The current investigation identified the gender-specific prevalence of sexual harassment and assault experienced during U.S. military service and the negative mental and physical health correlates of these experiences in a sample of former reservists. We surveyed a stratified random sample of 3,946 former reservists about their experiences during military service and their current health, including depression, posttraumatic stress disorder, somatic symptoms, and medical conditions. Prevalence estimates and confidence intervals of sexual harassment and assault were calculated. A series of logistic regressions identified associations with health symptoms and conditions. Both men and women had a substantial prevalence of military sexual harassment and assault. As expected, higher proportions of female reservists reported sexual harassment (60.0% vs 27.2% for males) and sexual assault (13.1% vs 1.6% for males). For both men and women, these experiences were associated with deleterious mental and physical health conditions, with sexual assault demonstrating stronger associations than other types of sexual harassment in most cases. This investigation is the first to document high instances of these experiences among reservists. These data provide further evidence that experiences of sexual harassment and assault during military service have significant implications for the healthcare needs of military veterans.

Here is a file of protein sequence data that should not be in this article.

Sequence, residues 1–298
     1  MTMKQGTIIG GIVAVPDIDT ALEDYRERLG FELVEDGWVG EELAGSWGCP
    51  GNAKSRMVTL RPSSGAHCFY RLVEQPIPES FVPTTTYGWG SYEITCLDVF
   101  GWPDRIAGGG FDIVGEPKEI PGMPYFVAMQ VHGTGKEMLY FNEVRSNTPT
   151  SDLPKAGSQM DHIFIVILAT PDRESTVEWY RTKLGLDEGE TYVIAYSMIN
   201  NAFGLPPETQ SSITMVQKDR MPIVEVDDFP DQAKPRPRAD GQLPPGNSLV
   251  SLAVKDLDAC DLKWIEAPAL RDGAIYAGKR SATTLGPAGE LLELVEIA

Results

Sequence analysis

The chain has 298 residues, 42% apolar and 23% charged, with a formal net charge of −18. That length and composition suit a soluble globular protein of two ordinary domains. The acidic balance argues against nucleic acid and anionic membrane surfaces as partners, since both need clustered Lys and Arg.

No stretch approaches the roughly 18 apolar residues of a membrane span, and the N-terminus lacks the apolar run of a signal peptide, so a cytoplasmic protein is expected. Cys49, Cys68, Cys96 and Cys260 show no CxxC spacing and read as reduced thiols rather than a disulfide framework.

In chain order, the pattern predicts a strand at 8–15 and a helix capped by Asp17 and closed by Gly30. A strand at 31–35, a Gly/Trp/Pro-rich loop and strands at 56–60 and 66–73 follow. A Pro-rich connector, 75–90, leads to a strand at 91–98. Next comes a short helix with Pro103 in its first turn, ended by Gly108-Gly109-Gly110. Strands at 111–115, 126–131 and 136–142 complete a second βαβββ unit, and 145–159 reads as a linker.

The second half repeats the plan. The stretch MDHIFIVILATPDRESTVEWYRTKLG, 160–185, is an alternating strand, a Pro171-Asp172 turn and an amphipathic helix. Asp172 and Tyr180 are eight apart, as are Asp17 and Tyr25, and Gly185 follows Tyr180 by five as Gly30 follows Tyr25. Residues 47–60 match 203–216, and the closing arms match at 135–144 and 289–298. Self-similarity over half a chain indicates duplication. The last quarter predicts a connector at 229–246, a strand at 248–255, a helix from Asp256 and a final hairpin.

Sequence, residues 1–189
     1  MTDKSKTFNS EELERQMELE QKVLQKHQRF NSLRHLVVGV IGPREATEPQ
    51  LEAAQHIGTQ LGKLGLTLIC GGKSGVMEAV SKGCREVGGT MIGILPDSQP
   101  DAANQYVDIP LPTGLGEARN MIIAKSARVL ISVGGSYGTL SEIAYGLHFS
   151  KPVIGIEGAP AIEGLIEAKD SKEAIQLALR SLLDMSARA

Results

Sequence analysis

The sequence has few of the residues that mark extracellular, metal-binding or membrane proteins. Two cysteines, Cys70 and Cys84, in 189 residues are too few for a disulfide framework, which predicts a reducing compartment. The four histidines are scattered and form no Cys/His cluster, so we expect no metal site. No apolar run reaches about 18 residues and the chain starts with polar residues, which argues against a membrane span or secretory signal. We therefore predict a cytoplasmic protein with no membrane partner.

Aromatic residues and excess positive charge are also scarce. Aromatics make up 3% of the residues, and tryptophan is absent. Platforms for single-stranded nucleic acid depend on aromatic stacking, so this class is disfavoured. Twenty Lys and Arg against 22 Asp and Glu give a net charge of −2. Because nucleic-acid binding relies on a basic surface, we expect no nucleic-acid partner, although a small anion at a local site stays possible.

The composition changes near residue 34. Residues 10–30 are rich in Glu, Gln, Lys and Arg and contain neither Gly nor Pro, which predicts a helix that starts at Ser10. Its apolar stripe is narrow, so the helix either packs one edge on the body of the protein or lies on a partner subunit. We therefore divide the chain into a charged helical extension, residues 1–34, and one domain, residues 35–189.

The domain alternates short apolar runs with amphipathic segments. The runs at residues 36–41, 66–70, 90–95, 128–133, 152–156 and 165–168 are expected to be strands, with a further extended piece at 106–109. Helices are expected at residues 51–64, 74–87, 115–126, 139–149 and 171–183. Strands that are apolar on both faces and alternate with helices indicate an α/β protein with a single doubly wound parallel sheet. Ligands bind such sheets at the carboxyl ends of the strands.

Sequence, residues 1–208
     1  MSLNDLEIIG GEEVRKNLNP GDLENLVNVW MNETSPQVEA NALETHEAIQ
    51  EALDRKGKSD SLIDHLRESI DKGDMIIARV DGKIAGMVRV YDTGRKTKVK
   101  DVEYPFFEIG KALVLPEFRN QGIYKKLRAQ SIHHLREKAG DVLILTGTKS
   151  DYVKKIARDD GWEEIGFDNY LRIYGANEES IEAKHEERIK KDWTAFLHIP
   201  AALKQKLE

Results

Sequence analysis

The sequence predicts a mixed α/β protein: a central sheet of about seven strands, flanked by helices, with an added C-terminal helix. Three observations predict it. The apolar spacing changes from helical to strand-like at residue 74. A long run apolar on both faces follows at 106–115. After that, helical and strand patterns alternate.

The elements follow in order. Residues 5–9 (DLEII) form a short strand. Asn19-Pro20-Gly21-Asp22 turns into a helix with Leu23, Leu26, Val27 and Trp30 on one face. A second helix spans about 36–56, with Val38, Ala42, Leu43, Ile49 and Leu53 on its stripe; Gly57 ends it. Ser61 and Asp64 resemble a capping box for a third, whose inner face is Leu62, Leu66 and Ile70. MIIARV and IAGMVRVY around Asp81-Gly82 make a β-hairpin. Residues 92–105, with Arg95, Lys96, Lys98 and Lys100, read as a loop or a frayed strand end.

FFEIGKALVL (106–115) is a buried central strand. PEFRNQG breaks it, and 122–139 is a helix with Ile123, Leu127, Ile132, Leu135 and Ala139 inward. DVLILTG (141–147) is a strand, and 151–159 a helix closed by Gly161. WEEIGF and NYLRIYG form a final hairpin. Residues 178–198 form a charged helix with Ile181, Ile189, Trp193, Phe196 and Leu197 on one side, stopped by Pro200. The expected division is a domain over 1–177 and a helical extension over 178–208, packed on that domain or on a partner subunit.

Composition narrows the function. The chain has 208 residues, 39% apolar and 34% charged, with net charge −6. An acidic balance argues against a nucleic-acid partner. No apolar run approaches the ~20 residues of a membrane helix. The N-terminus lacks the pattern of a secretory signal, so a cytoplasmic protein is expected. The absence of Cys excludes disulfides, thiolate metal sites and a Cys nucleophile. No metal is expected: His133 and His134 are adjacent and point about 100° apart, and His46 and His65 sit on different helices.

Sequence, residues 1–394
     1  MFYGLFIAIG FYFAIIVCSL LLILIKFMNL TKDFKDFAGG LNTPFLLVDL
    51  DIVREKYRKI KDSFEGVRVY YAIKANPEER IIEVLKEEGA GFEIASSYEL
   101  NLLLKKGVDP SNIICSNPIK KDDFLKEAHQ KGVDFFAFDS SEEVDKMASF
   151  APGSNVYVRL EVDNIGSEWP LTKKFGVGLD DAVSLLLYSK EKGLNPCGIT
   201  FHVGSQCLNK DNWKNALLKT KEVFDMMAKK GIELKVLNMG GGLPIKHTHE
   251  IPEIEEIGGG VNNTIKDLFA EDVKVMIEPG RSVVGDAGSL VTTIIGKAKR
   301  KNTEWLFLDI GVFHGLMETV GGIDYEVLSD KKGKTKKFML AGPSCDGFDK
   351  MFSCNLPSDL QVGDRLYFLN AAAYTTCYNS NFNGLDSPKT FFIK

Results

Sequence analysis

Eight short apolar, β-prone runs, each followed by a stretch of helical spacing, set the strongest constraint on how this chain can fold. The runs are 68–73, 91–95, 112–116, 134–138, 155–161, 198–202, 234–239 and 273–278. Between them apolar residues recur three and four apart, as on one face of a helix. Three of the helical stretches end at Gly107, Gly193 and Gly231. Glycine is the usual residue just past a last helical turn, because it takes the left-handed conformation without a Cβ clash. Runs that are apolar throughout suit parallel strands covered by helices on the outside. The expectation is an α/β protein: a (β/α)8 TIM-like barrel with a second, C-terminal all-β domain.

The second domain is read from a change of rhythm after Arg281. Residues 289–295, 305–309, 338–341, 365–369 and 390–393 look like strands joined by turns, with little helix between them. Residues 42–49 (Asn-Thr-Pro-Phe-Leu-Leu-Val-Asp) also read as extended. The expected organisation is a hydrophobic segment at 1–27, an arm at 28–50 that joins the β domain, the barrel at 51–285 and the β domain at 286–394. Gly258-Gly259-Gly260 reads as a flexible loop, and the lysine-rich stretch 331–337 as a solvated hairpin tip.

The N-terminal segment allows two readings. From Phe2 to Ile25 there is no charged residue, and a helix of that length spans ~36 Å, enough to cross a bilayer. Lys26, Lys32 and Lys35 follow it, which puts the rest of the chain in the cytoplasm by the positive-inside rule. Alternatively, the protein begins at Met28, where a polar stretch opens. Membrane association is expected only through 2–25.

Published in Journal of Rehabilitation Research and Development, ed. Stacieann C. Yuhasz, Volume 45, Issue 3, 2008, pages 409-420.
Street, A. E., Stafford, J., Mahan, C., & Hendricks, A. (2008). Sexual harassment and assault experienced by Reservists during military service: Prevalence and health correlates. Journal of Rehabilitation Research and Development, 45(3), 409-419.
© Journal of Rehabilitation Research and Development, 2008, US Department of Veterans Affairs.